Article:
(Laura Cappelle’s article appeared in The New York Times, 7/19; via Pam Green.)

AVIGNON, France — The biggest productions of the 2018 Avignon Festival did not skimp on dramatics. Thomas Jolly presented a mythological king who feeds his brother his own sons; Milo Rau recreated the murder of a gay man in Belgium in 2012; and the festival director Olivier Py cast three men in turn as violent prison inmates, as poets and as coldblooded bankers.

Amid the boundary-pushing moments, there was one glaring omission: women, both as directors and as protagonists. The lack of parity in French theater is nothing new, but Mr. Py unwittingly drew attention to his own blind spots with the overall theme he selected for this edition of the Avignon Festival: “Gender.”

Out of 28 directors or collectives in the theater division, there were just seven women in the lineup at Avignon, the most important event in the French theater calendar. Three of them were credited in tandem with a man; two presented their work in the small Chapelle des Pénitents Blancs, a venue Mr. Py has set aside for family-friendly productions.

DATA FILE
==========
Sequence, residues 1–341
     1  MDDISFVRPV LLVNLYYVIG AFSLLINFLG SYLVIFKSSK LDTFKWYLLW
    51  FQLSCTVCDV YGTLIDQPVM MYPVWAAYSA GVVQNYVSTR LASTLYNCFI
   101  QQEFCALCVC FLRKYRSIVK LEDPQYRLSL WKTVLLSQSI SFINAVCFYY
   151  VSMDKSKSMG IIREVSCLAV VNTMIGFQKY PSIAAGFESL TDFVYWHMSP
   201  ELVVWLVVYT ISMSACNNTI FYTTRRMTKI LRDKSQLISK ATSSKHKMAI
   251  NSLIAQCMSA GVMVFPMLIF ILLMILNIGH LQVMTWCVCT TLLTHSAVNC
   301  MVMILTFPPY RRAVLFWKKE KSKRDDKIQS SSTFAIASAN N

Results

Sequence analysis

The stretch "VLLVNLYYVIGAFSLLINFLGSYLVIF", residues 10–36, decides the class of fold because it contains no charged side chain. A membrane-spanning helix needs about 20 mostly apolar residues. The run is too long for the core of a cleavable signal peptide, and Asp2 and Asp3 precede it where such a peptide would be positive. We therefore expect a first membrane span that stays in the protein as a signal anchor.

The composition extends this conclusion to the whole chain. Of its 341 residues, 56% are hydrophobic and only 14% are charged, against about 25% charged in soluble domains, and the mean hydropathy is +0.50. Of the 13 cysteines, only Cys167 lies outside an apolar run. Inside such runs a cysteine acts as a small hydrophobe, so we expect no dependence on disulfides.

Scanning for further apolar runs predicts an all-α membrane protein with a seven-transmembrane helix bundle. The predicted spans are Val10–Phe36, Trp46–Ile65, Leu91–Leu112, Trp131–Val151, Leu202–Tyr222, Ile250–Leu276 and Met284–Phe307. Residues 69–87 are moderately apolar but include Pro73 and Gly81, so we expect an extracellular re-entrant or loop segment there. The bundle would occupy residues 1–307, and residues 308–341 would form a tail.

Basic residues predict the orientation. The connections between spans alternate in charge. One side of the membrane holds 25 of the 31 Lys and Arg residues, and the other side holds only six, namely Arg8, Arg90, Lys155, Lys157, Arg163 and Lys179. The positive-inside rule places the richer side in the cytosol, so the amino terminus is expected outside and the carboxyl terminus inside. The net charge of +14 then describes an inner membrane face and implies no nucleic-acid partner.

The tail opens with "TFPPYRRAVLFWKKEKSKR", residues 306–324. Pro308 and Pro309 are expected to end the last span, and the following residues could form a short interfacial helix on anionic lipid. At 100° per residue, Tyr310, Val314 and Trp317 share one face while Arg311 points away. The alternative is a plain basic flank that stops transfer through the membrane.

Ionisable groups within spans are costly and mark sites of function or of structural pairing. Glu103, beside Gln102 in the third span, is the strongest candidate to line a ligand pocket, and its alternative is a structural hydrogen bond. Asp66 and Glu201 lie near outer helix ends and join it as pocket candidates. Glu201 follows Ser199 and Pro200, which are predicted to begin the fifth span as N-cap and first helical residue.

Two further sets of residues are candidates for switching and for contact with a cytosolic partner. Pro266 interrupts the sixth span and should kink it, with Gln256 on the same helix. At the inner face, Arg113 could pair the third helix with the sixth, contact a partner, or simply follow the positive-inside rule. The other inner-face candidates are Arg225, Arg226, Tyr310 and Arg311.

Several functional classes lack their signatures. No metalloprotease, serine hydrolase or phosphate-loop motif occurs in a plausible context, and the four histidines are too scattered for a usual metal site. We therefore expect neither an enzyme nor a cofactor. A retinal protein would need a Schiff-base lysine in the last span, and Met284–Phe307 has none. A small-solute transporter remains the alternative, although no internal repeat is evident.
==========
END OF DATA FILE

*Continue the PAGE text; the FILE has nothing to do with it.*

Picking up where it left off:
Carole Thibaut, an experienced director who is at the helm of a National Dramatic Center in Montluçon, summed it up in an impassioned speech, her anger as potent as any of the stage performances on show. She was appearing as a guest during a series of daily performances and lectures directed by David Bobée that took place in the Ceccano Garden in Avignon and were called “Mesdames, Messieurs et le Reste du Monde” (“Ladies, Gentlemen and the Rest of the World”).

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Photo: The New York Times

 

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